There is a junior-varsity crew of soul revival acts bubbling up that produce picture-perfect copies of the greats, but with none of the originals' sense for sex or tragedy. These types of perfectly inoffensive artists are sometimes used as musical wallpaper at Starbucks, but maybe little else. Thankfully, there is also a vanguard of modern, soul-adjacent artists who have transcended that type of musical fetishism, chasing the spirit of great soul music rather than its form. One such artist is Son Little, who—to his credit—is the real-life son of a preacher man. Over the course of three studio albums, two EPs and guest credits including Mavis Staples, RJD2 and his Philly neighbors The Roots, Son Little has created an emotionally and musically complex style that reflects the revivalist acoustic soul of Michael Kiwanuka, the high-drama-low-clutter arrangements of Grizzly Bear and the swaggerful jazz rap of Flying Lotus. His newest EP, invisible, features his most minimalistic and modern work yet, showing a real aptitude for intentional, meaningful art. Whether Son Little will create anything as singular as his inspirations have is yet to be seen, but it's clear that his music exists in discourse with his inspirations rather than as pale impression. Opening the show is an artist operating at the intersection of soul and folk. Asheville-based singer-songwriter Christopher Paul Stelling has developed, after a few years of non-stop touring, a clever fingerpicking style and charged-up vocal delivery that, at its best, fights for—and wins—unaffected intimacy with its listeners. (Alex Murphy) The State Room, 638 S. State, 9 p.m., $20, 21+,

  • Emily Butler

Kolars, Branson Anderson, oh!no?ok.
Los Angeles rock duo Kolars—made up of Rob Kolar on guitar and vocals and Lauren Brown on percussion—tend to turn heads with their unusual onstage setup. In addition to more traditional drumming techniques, Brown provides the band's rhythmic backbone by tap dancing on an overturned bass drum in a manner that recalls somebody playing Dance Dance Revolution in an arcade. Kolar, the band's flashy frontman, is all about sparkly guitars and jackets, pompadours and old-school showmanship. Together, they make for a visually striking live act. Kolar and Brown joined forces after playing together in the now-defunct folk group He's My Brother She's My Sister, finding common ground as theatrical performers. The husband-and-wife duo is not strictly about the drumshtick, however. They make compelling enough "glam-a-billy" music to have recorded single "Turn It Up" with Pearl Jam guitarist Mike McCready, and have a couple notable bangers to their name (see: "One More Thrill" and "Dizzy"). But they are best consumed live. The first half of their set is raw and stripped down—just Brown and Kolar banging (and jumping) on their instruments. About midway through, additional production elements creep into the mix—bass accompaniment, subtle piano parts or reverb-soaked background vocals—that Kolar pre-records. It's a trick to beef up the sound that also adds an element of mystery to their stage show, a Wizard of Oz-type effect that suggests there's more going on behind the curtain. (Howard Hardee) Kilby Court, 741 S. Kilby Court, 8 p.m. $12-$14, all ages,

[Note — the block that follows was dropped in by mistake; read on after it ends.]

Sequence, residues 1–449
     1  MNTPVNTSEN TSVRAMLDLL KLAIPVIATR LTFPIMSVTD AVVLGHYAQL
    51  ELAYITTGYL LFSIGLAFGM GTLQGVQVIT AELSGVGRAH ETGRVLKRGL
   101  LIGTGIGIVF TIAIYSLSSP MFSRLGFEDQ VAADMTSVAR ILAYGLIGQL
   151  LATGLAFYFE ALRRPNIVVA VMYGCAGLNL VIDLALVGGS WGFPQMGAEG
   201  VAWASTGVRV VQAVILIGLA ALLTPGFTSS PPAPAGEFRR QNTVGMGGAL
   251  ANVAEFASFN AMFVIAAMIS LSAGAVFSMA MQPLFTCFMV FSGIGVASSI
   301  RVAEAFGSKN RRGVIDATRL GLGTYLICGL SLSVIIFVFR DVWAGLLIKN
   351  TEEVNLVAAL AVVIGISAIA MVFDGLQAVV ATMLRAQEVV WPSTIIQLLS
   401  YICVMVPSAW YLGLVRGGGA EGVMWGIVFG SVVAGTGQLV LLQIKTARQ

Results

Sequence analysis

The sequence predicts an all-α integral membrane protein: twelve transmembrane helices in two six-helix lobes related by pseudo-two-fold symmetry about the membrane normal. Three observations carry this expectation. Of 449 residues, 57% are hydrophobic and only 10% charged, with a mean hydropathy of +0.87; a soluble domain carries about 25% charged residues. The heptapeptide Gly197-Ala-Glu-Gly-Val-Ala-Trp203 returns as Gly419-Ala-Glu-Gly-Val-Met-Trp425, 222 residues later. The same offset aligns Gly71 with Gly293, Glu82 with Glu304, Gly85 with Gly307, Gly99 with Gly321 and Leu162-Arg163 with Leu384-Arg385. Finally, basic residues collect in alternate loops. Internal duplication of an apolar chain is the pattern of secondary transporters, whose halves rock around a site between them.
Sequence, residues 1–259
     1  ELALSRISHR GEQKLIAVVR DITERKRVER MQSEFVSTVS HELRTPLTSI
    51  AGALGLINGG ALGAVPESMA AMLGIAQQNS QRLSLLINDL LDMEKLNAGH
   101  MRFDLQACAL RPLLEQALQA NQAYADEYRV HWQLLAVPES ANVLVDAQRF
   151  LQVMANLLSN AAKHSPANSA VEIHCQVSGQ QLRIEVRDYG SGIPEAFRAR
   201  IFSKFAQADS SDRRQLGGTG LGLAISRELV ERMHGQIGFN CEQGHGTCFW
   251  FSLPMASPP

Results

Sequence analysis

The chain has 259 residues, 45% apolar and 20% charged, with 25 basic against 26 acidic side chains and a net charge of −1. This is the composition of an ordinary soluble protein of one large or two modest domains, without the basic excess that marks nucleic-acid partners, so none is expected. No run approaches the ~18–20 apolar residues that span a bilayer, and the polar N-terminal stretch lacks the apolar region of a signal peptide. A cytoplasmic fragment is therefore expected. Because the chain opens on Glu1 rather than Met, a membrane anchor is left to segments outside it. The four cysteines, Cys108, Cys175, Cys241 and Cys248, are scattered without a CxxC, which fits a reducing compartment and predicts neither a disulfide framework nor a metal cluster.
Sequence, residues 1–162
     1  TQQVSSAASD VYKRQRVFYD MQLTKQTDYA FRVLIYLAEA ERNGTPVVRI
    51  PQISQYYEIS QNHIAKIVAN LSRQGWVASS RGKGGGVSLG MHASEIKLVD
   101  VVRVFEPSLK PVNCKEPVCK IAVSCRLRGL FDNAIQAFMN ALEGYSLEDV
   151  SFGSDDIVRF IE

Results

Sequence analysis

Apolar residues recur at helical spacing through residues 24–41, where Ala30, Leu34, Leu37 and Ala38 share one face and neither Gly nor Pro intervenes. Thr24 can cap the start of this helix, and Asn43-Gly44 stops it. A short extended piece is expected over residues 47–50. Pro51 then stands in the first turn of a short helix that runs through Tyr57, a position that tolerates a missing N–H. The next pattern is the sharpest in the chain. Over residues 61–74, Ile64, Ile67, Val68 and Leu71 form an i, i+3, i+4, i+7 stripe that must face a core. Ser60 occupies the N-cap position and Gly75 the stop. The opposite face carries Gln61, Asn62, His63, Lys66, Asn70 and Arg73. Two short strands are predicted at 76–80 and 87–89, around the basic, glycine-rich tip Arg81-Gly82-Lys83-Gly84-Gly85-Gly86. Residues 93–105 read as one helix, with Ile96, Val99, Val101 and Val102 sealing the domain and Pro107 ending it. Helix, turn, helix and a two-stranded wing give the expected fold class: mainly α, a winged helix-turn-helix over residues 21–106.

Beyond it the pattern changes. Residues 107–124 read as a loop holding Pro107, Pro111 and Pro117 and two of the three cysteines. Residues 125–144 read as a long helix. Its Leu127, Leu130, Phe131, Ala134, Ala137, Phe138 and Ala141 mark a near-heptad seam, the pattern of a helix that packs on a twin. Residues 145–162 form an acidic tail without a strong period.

• Ray Smith

SUNDAY 11/17
J.P. Harris
With his folky, grass-roots approach, J.P. Harris brings listeners to the fringe of country music, reintroducing soundscapes reminiscent of those in the '60s and '70s, especially on his EP, Why Don't We Duet in The Road. It comes out sounding like a new take on what Porter Wagner and Dolly Parton had perfected back in their heyday, with the featured talents of multiple women: Malin Peterson, Erin Rae, Miss Tess and Elizabeth Cook. With his most recent release, Sometimes Dogs Bark at Nothing, and his first album, I'll Keep Calling, there's a rustic, honky-tonk charm laced within every track. His songbook is full of tender, sincere songs that transport the listener to a different time—offering lighthearted, feel-good tracks and the heavy-hearted hitters that country music is known for. Identifying less as a musician and more as a "carpenter that writes music," he skips the glitz and glamour that usually comes with the gig in exchange for bringing the most authentic version of himself to his audience. Honky-tonk doesn't have to be perfect, and Harris' ethos behind writing and performing permeates into his craft, exposing the passion that drives it. His persona, songbook and stage presence are unique, making him a perfect fit for Dirtyratmotocyco, a mysterious and enticing motorcycle shop and venue popping up here in Salt Lake City. Frankly, it sounds like the best way to spend a November evening. (Zaina Abujebarah) Dirtyratmotocyco, 1515 S. Major Street, 7 p.m., $10, all ages,